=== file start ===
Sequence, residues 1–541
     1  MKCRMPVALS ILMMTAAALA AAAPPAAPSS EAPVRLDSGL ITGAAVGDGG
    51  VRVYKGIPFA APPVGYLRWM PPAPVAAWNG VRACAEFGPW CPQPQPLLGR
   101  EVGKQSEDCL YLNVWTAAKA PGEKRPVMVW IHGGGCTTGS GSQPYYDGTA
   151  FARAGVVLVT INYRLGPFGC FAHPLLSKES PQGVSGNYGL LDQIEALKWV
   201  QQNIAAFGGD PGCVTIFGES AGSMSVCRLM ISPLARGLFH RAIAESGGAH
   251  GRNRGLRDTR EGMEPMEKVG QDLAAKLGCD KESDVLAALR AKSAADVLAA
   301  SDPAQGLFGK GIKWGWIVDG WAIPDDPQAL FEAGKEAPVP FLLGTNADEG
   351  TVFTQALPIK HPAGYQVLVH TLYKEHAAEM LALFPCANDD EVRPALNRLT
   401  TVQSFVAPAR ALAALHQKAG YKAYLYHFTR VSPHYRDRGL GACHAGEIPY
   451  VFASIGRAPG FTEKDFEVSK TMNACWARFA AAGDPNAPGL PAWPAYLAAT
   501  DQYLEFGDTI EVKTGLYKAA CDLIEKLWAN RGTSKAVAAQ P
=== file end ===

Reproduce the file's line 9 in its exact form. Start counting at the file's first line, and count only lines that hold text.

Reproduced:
   351  TVFTQALPIK HPAGYQVLVH TLYKEHAAEM LALFPCANDD EVRPALNRLT